I actually loved the expanded Foundation series (the second trilogy written after the first that ties it in to the Robot series), but focusing in on the original trilogy is a good bet. I think the day-to-day struggles of the Foundation and the Mule as a compelling villain (very interested to see who will take that role) will make up for the books’ serious lack of character development. Of course, we’ll probably get some strong leads not mentioned in the books and a focus on a single timeline rather than the multiple jumps favored by Asimov, but we’ll see. I’m hopeful.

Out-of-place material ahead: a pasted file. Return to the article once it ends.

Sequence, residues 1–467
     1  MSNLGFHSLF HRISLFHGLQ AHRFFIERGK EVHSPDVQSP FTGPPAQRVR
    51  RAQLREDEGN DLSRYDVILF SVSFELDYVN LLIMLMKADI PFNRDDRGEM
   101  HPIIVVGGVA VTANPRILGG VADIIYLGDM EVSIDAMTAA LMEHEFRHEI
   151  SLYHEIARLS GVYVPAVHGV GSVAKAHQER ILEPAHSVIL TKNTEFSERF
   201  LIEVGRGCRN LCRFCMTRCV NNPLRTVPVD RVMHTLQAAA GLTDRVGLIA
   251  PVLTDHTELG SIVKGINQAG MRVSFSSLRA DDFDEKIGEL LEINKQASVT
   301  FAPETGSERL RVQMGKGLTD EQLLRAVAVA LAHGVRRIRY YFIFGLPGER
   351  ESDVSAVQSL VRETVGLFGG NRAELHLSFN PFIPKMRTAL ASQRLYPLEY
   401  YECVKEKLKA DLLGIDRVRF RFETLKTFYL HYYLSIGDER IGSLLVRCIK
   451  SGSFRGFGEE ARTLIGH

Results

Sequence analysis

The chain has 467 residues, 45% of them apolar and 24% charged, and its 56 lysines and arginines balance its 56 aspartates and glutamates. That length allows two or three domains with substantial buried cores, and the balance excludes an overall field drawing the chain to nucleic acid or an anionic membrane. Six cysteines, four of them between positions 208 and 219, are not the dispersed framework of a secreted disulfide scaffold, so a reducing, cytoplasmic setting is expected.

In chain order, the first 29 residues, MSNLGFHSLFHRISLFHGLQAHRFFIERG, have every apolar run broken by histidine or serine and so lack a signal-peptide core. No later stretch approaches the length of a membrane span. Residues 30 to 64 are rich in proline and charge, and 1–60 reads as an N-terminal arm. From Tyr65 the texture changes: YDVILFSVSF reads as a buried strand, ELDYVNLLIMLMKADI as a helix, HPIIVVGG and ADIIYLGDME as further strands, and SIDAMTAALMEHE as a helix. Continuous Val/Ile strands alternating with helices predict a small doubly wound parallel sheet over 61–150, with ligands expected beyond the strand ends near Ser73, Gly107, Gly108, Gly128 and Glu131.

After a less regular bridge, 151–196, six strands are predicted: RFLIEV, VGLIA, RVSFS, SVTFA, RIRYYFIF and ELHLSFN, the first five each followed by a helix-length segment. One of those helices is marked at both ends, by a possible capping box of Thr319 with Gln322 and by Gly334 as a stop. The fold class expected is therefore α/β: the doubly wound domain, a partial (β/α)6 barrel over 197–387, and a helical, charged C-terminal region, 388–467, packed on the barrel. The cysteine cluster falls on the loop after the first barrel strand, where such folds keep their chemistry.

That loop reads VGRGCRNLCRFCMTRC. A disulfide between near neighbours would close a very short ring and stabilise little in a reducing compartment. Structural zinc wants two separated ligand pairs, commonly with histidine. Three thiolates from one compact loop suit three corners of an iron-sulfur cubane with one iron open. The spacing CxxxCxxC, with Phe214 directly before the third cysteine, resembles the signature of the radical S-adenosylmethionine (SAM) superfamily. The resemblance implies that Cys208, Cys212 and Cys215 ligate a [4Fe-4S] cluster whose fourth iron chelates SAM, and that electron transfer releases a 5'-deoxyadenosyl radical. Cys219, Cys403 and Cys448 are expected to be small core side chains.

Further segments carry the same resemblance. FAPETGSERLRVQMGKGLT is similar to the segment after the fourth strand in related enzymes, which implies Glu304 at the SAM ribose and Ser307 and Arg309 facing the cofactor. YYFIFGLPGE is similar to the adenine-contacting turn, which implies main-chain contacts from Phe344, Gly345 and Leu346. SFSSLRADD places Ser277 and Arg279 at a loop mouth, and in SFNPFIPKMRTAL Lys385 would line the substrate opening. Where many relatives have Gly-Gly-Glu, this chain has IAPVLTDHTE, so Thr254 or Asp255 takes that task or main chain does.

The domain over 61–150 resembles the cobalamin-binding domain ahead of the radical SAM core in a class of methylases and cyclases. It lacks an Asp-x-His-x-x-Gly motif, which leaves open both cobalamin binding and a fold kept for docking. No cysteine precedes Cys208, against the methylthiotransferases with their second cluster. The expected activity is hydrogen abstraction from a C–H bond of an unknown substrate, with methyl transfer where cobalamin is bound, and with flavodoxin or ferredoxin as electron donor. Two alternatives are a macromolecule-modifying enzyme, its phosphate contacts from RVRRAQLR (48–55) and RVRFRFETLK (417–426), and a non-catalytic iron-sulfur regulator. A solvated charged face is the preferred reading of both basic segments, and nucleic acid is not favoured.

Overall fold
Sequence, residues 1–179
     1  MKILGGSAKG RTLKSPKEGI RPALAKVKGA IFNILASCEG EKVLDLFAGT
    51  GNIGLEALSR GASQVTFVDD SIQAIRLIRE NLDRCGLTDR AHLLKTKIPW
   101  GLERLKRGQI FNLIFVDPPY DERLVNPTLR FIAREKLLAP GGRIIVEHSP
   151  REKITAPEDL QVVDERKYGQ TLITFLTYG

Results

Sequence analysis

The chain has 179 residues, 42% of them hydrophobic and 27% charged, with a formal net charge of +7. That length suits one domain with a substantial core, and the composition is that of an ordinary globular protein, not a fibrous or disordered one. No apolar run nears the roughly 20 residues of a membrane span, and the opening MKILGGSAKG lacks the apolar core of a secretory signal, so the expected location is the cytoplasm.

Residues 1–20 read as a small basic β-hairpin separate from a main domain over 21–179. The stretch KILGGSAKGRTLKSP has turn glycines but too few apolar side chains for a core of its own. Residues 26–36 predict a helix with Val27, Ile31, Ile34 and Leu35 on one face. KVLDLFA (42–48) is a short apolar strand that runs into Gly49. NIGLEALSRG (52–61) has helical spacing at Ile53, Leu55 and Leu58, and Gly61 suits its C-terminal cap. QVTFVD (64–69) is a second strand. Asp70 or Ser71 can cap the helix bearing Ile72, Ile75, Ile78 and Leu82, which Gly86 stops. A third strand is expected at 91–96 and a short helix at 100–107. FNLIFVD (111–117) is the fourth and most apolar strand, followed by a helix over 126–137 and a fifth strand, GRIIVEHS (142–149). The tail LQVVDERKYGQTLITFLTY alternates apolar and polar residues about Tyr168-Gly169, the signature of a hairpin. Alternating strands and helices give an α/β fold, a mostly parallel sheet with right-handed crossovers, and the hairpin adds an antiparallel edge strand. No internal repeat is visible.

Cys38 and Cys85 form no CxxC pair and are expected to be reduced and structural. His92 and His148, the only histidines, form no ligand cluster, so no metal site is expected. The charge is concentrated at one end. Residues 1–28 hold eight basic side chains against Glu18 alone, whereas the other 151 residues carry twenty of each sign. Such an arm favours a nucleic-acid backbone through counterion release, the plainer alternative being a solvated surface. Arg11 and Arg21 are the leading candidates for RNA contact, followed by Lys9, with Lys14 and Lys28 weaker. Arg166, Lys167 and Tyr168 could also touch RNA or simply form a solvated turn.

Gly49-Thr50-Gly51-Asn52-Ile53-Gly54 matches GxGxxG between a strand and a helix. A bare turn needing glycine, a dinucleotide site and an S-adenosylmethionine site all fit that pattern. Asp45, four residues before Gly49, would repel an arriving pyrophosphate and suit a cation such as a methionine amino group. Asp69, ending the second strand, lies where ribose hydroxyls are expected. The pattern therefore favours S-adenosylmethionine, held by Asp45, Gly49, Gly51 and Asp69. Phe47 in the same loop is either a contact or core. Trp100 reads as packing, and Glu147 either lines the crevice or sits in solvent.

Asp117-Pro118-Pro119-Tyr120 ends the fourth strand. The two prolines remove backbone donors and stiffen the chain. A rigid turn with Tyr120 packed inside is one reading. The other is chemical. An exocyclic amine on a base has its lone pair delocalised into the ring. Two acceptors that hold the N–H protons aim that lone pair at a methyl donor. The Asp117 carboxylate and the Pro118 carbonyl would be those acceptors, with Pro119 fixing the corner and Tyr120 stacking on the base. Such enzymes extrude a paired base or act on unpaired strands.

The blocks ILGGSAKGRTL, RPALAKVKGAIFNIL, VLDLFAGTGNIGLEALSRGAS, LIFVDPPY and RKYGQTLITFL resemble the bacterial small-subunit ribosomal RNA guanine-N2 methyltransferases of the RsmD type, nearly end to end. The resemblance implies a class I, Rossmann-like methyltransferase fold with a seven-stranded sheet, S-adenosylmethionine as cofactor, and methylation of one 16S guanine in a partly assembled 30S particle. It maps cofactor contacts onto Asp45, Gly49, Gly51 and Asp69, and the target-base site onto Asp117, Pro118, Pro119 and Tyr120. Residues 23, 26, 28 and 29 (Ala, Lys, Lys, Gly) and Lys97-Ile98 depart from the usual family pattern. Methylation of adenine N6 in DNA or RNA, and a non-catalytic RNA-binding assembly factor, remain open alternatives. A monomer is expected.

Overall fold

One last thing. Humanity landed a spacecraft on a goddamn comet last week. While folks like Jose Canseco may be a tad bit overenthusiastic about what it all means, for me the landing is a bit of a dream come true. Although Philae’s mission seems to have come to a premature ending because of a batter malfunction, I’m still excited. Anything that shows that we still have eyes beyond the sky even in today’s funding climate is a good sign. Between our cultural imagination as expressed in media forms, private companies and events like this, it is my hope that our imagination once again been turned back to space. Let’s hope so.